Broadly speaking, the scholarship program worked like this: the state created a tax credit for donations to “student scholarship organizations.” A to qualify as a student scholarship organization, an organization must be exempt under section 501(c)(3) of the Code, must allocate 90% of its annual revenue to scholarships, and those scholarships couldn’t be limited to a single school. Student scholarship organizations also have to comply with certain reporting and audit requirements. The scholarships are meant to help pay for grade school—they can only be given to students who are at least 5, but not older than 18.
Scholarship money must be paid directly to the school; it’s the school’s job to inform parents that their child received a scholarship.
So far, so good, right? This is a scholarship program administered by private nonprofit entities, so there’s no state action to invoke the Constitution. But it’s the next step that implicates constitutional questions: the state provided a dollar-for-dollar tax credit to Montanans who donated to student scholarship organizations, for a credit of up to $150. (Note that, to get the tax credit, the donor can’t designate the parent or private school that will receive scholarship assistance.)
And that intersected with Montana’s Blaine Amendment. The Montana constitution prohibits “any direct or indirect appropriation or payment from any public fund or monies… to aid any church, school, academy, seminary, college, university, or other literary or scientific institution, controlled in whole or in part by any church, sect, or denomination.” Believing that a tax credit represented indirect aid to schools that received scholarship money, the Montana Department of Revenue promulgated a rule that religious schools were not “qualified education providers,” eligible to receive these scholarship funds. The Montana Supreme Court ultimately agreed that the scholarship program violated the state constitution and invalidated the whole scholarship program.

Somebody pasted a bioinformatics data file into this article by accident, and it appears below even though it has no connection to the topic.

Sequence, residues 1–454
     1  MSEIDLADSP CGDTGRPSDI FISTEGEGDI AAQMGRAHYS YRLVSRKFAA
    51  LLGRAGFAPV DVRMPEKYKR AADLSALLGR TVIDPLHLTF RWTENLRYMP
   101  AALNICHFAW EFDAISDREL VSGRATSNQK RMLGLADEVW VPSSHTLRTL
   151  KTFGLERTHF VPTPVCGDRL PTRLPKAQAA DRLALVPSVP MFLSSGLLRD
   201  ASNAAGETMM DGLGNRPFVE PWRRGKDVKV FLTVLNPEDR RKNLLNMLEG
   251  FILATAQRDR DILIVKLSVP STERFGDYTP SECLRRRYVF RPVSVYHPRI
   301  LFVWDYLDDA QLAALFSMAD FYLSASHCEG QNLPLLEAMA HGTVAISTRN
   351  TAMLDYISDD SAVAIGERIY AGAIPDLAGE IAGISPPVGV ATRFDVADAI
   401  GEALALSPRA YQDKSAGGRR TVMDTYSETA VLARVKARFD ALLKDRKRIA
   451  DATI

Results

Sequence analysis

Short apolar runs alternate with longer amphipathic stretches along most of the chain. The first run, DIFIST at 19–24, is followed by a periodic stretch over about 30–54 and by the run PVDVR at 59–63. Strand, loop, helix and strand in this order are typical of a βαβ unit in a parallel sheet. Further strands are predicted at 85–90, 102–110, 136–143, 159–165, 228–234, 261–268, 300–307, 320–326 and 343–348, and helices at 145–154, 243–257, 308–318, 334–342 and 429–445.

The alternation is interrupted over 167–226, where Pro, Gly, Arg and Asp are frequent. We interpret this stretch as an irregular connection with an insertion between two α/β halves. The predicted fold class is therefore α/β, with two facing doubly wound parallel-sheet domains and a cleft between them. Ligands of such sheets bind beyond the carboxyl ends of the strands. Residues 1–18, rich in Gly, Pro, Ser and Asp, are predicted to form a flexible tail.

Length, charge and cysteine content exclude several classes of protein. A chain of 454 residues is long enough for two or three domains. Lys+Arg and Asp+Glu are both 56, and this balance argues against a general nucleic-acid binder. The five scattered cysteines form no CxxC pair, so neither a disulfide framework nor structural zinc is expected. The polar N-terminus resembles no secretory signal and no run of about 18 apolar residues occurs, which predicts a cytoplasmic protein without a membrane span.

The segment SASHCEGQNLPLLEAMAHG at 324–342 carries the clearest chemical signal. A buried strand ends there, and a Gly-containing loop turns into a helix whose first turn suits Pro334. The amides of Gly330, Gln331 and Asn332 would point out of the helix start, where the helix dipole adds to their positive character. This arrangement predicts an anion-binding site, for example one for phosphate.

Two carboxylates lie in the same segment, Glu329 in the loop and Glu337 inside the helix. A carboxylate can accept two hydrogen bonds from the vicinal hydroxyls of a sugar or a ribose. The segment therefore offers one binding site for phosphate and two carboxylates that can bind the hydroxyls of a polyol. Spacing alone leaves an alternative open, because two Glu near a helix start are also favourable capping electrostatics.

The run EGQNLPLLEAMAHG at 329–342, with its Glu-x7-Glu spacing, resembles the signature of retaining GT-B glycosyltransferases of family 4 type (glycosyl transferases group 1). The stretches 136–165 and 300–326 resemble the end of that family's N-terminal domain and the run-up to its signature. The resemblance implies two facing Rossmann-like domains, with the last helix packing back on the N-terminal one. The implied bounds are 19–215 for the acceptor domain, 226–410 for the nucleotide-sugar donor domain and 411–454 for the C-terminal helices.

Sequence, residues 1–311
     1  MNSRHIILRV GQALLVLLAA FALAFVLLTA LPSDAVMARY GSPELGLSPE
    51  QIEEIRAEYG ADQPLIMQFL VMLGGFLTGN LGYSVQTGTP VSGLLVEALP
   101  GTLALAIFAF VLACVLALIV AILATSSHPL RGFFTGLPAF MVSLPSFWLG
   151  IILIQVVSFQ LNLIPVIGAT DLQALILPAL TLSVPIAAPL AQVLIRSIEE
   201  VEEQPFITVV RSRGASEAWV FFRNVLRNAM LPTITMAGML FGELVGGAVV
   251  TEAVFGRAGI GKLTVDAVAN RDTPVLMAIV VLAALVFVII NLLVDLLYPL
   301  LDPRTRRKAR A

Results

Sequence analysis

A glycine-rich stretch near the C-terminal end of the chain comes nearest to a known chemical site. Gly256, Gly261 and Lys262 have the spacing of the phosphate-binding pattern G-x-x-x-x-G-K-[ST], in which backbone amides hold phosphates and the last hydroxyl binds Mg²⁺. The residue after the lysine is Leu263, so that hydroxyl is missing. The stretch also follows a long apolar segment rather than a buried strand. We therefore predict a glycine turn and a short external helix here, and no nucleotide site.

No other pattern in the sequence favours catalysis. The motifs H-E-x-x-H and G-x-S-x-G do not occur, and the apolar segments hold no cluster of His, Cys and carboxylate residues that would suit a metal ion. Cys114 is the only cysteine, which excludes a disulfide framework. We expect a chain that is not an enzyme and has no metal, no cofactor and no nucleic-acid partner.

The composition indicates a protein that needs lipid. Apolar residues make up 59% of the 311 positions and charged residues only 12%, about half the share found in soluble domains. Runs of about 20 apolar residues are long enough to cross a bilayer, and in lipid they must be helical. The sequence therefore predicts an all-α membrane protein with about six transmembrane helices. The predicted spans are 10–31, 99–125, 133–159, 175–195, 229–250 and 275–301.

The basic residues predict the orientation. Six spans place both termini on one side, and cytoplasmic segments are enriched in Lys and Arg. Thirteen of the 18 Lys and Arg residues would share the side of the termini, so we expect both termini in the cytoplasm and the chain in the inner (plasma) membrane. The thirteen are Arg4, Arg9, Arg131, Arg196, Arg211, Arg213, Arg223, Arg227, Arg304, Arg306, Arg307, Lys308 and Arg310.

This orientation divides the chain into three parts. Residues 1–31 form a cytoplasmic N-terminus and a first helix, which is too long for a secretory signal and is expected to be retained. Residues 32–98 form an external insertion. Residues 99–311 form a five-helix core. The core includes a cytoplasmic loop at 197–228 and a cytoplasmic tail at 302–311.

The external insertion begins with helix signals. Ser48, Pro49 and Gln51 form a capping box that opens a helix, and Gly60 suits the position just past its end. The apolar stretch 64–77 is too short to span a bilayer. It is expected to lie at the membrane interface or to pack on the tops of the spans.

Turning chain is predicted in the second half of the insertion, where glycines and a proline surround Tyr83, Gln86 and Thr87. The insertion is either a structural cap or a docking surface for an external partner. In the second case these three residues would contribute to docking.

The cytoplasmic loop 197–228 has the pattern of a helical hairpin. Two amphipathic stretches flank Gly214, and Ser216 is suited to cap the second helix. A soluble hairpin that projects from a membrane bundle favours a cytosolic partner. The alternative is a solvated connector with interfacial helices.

July 2, 2020 in Federal – Judicial | Permalink | Comments (0)
Wednesday, July 1, 2020
Agency for International Development and Corporate Separateness
This week, the Supreme Court released a couple opinions of interest in the nonprofit world. The first was Agency for International Development.
Background on the case: in 2003, Congress allocated billions of dollars to U.S. and foreign NGOs to combat HIV/AIDS abroad. That money was conditioned, however, on an organization having an explicit policy opposing prostitution and sex trafficking.
Some organizations that would otherwise qualify for these grants have found that a neutral stance toward prostitution is more helpful in their work, and oppose the policy requirement. Some U.S. NGOs filed suit and, in 2013, the Supreme Court held that the requiring that an organization have an explicit policy against prostitution to qualify for grant money violated the First Amendment. As a result, U.S. NGOs do not have to have an explicit policy opposing prostitution and sex trafficking.
But that left foreign NGOs. And it's worth noting that at least some of the foreign NGOs pursing this grant money are affiliated with U.S. NGOs that aren't subject to the policy requirement
In Agency for International Development, the Supreme Court held that the policy requirement is valid with respect to non-U.S. organizations. It based that conclusion on two grounds:
July 1, 2020 in Current Affairs, Federal – Judicial | Permalink | Comments (0)